January 27, 2011- This weekend, for the eighth straight year, the billionaire Koch brothers will convene a meeting of roughly 200 wealthy businessmen, Republican politicians and conservative activists for a semi-annual conference to raise millions of dollars for the institutions that form the intellectual foundation – and, increasingly, the leading political edge – of the conservative movement.
In the past, the meetings have drawn an A-list of participants – politicians like Sen. Jim DeMint of South Carolina, leading free-market thinkers including American Enterprise Institute president Arthur Brooks, talkers Rush Limbaugh and Glenn Beck and even Supreme Court justices – to mingle with the wealthy donors who comprise the bulk of the invitees. The meetings adjourned after soliciting pledges of support from the donors – sometimes totaling as much as $50 million – to non-profit groups favored by the Kochs.
For the most part, the meetings, which are closed to the public and reporters, have attracted little attention outside conservative circles. But very different circumstances surround the Koch conference set to begin Saturday at an exclusive resort outside Palm Springs, Calif.
The Koch brothers – Charles and David – have come under intense scrutiny recently for their role in helping start and fund some of the deepest-pocketed groups involved in organizing the tea party movement such as Americans for Prosperity, and for steering cash towards efforts to target President Barack Obama, his healthcare overhaul, and congressional Democrats in the run-up to the 2010 election.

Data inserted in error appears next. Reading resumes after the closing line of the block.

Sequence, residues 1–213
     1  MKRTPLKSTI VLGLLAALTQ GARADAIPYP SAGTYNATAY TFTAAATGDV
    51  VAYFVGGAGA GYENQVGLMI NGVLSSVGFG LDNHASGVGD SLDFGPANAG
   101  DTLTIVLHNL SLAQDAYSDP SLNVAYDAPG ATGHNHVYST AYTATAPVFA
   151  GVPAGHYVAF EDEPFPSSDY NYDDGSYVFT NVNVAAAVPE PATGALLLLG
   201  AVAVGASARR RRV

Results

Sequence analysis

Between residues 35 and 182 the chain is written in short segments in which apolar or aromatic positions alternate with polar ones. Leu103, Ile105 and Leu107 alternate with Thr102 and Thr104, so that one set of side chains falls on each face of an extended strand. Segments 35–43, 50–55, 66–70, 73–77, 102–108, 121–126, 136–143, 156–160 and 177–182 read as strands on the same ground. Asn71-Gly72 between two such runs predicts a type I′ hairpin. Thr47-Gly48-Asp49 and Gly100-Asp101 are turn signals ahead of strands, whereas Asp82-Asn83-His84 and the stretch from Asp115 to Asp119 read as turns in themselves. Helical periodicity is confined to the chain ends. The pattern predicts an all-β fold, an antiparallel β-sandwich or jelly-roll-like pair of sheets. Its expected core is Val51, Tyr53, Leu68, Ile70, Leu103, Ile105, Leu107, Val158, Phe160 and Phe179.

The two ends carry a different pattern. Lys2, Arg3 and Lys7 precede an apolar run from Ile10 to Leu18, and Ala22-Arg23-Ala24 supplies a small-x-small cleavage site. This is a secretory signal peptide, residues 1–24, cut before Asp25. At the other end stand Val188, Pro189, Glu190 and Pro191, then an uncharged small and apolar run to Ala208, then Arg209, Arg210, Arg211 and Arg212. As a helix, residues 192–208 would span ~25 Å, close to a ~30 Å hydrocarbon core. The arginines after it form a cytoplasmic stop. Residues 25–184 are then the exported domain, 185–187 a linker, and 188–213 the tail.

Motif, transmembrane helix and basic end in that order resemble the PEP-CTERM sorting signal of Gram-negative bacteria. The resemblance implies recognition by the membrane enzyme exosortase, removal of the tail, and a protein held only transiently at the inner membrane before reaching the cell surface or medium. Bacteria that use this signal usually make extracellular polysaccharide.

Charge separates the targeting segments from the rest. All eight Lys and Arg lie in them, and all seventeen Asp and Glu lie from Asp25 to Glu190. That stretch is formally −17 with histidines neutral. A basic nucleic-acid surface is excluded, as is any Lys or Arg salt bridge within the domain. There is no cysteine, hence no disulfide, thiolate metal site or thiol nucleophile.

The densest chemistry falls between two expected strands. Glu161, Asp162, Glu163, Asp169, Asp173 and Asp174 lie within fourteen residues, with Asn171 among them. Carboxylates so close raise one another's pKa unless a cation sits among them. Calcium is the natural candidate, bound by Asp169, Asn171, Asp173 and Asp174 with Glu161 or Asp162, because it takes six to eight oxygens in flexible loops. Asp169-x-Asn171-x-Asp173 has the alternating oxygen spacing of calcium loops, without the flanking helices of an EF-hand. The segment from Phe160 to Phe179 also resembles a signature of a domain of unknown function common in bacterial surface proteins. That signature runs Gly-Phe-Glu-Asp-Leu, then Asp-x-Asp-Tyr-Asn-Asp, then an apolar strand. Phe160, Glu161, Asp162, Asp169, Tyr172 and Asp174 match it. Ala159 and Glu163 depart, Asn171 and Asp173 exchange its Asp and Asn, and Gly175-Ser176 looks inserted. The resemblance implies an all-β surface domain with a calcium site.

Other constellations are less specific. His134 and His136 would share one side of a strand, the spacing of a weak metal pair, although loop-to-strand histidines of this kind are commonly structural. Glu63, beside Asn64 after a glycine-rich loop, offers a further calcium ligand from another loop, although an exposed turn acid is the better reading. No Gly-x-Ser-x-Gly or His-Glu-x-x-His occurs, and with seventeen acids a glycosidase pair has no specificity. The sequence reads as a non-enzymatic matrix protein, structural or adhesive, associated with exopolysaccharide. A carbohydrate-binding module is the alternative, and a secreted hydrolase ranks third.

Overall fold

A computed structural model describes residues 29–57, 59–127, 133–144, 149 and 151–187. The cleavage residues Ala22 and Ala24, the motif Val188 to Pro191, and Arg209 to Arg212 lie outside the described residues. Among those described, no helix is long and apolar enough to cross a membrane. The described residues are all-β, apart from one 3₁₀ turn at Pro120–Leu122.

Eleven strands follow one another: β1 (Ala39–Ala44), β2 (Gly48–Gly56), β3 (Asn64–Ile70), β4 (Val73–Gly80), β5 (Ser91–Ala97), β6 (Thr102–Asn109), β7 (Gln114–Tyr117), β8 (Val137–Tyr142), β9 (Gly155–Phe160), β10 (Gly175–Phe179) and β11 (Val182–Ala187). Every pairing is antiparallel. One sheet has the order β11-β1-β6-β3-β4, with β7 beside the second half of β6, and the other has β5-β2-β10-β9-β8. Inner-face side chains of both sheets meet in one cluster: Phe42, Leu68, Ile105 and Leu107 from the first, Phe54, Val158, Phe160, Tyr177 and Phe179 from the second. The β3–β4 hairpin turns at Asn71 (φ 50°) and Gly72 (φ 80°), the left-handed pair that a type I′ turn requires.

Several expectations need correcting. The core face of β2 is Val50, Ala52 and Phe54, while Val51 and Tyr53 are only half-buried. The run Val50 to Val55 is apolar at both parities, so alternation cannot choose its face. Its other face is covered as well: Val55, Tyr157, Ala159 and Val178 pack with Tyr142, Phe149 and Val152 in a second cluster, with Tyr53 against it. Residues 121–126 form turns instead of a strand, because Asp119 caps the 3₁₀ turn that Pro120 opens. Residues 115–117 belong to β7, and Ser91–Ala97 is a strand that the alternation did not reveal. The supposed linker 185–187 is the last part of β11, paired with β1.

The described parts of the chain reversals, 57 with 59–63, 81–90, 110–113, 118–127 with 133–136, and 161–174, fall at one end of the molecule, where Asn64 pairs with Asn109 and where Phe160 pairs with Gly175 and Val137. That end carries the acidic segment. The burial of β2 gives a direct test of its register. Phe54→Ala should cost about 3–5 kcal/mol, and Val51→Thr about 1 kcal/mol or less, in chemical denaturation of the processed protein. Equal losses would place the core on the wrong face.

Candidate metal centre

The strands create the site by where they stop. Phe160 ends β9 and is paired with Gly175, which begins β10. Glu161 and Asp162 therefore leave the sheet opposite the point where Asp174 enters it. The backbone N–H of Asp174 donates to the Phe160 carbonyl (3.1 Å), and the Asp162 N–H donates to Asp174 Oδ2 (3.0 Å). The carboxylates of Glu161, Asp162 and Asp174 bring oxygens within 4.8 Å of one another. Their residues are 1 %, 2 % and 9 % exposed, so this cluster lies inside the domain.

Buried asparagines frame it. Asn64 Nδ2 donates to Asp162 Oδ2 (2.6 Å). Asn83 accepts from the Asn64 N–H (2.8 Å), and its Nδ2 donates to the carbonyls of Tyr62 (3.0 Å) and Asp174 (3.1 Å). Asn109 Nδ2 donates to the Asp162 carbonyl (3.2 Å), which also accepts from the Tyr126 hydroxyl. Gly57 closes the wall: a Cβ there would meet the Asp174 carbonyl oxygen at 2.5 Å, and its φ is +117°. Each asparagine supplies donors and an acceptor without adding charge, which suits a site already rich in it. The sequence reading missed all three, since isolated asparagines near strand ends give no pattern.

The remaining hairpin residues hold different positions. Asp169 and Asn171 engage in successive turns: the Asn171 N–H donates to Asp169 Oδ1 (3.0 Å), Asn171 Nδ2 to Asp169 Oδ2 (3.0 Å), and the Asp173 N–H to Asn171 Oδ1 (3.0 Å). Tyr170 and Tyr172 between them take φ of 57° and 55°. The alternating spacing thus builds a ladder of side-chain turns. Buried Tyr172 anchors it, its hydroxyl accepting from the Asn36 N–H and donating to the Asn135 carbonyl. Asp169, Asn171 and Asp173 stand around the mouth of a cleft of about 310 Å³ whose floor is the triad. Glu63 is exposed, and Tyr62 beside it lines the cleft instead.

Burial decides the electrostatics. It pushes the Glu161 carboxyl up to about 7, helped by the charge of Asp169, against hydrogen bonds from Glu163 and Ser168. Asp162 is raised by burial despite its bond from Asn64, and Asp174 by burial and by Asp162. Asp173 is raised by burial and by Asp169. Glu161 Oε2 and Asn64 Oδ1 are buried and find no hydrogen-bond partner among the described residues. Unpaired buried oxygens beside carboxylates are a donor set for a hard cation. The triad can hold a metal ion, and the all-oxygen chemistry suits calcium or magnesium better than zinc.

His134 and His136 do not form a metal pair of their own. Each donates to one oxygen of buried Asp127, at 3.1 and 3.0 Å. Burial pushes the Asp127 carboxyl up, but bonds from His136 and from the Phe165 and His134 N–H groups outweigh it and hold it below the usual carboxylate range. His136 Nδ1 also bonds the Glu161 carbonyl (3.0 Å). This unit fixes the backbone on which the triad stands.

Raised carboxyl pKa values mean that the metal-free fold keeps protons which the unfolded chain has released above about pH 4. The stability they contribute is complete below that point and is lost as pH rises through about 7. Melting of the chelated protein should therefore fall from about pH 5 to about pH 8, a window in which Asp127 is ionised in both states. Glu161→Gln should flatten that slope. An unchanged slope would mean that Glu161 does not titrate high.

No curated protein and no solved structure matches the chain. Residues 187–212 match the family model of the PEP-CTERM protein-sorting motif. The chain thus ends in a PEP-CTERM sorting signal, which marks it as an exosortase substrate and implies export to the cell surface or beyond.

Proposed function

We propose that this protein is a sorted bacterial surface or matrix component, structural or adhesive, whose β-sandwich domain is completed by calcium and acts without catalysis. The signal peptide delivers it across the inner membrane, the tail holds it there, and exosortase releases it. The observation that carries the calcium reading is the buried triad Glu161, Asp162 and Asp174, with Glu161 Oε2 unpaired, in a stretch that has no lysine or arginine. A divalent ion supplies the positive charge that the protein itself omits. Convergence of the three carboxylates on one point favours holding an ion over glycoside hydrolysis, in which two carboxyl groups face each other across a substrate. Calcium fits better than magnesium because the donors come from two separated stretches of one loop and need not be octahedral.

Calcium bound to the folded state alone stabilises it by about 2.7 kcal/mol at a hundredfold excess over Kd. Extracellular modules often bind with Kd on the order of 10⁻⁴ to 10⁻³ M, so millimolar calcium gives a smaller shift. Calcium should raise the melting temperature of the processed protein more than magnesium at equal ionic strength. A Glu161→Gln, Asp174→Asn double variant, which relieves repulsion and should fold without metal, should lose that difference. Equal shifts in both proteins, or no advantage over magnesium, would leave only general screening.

Liberal critics have launched a campaign to highlight what they say is the systematic way in which the Kochs use their political giving to advance a conservative economic and regulatory agenda designed to further the interests of their oil, chemical and manufacturing empire.
Common Cause, the liberal watchdog group, is planning a protest called “Uncloaking the Kochs” and what it calls “the billionaires caucus” on Sunday a few miles down the road from the resort in Rancho Mirage, Calif., where this weekend’s conference will be held, and a handful of reporters have made plans to try to cover the Koch’s closed-door gathering.
While the Koch conferences have taken on an undeniably political edge – a June summit featured sessions on voter mobilization efforts for the 2010 midterms as well as solicitations for an ad campaign attacking Democratic lawmakers – those who have attended the meetings say the critics have it all wrong.
“The main goal of the seminars appeared to me to be education on the challenges that face the American system of free enterprise and democracy, and what people can do about them,” said Virginia Gov. Bob McDonnell, a conservative Republican who has attended at least seven of the meetings.
McDonnell, who is not attending this weekend’s conference, said he was introduced to the gatherings by “free market friends up in Northern Virginia, some in the Koch enterprises institution,” and he cast the conferences as playing an important role in the political process.